Two weeks ago marked one year living in South Africa. The time has felt both extremely quick and also as though it has been an eternity. I have said this numerous times, but I have already learned so much this year (as much as I have learned while I was in college or more!). One of the most important lessons has been about the nature of Love, and the idea that love is not the same as pity. The following is imagery that I find helpful in understanding this:
Love is deep and moves deep. It knows that a person is deep and a person’s hurts are deep. Love does not force healing, but when it sees pain and brokenness it extends its arm. It not only applies the bandage, but examines the wound, removes the dirt, cleans the infection, offers and diagnosis, and performs surgery if needed – all the while holding the hand of the patient, counseling the patient, and asking the patient for permission to proceed.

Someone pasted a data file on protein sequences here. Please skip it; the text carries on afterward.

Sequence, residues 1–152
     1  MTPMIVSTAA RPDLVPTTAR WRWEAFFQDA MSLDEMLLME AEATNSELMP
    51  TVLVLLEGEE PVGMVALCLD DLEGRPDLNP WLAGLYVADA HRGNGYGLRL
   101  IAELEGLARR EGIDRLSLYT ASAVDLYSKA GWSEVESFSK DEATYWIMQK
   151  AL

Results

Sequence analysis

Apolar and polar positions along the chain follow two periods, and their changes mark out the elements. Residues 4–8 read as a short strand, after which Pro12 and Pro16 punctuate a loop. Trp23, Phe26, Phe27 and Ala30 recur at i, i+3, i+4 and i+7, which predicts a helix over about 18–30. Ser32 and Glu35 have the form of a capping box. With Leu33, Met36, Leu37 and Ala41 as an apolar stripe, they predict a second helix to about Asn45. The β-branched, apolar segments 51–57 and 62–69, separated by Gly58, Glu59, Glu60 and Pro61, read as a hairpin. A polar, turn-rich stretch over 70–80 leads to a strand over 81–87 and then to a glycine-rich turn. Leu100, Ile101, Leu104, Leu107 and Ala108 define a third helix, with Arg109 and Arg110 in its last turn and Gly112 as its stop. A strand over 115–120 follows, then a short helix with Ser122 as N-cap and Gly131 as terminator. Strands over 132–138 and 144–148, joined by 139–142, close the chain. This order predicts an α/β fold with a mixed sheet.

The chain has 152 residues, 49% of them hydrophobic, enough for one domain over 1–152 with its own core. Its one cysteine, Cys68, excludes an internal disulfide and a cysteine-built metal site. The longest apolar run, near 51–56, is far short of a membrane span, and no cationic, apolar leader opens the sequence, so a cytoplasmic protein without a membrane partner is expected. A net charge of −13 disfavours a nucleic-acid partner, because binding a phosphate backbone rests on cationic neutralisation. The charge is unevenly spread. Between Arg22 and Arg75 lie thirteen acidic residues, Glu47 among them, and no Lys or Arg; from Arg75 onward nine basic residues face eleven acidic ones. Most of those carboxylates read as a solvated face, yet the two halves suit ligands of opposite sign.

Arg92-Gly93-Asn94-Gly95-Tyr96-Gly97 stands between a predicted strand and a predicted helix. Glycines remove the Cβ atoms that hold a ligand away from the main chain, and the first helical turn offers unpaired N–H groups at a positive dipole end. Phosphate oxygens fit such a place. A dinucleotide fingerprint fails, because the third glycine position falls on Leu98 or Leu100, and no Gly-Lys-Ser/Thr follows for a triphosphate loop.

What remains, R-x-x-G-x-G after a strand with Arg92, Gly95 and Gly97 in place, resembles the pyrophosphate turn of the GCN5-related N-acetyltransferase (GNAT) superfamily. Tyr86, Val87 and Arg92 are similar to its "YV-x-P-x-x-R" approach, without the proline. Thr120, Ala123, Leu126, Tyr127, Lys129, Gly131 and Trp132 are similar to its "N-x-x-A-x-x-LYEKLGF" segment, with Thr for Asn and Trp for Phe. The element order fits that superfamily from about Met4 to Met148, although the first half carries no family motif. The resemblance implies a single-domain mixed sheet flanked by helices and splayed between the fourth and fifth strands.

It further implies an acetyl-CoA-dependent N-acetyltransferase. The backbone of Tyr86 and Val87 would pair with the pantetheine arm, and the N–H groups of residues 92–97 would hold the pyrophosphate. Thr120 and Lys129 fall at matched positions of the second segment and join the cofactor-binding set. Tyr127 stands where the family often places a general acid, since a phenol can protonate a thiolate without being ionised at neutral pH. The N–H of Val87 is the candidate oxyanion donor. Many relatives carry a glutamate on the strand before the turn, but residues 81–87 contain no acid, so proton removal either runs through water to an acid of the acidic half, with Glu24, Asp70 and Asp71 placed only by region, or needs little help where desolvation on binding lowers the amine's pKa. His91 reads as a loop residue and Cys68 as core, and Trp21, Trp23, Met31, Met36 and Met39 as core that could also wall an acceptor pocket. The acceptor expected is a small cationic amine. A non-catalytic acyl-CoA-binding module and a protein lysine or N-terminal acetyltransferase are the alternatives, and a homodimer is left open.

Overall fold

Pity sees pain and acts out of fear. Pity wants to heal and wants to help, but has limitations on how far it will do so. Pity may clean the wound and apply the bandage, but if the wound becomes infected or doesn’t heal properly or in a timely manner, it is not pity’s fault. It believes that once it took the steps necessary, the patient (whom pity calls “the victim”) is responsible, although the patient’s history and medical background was not taken into account.
Pity wants positive results based on its own work. Love wants justice and healing, using the patient’s own body and knowledge as a source of understanding.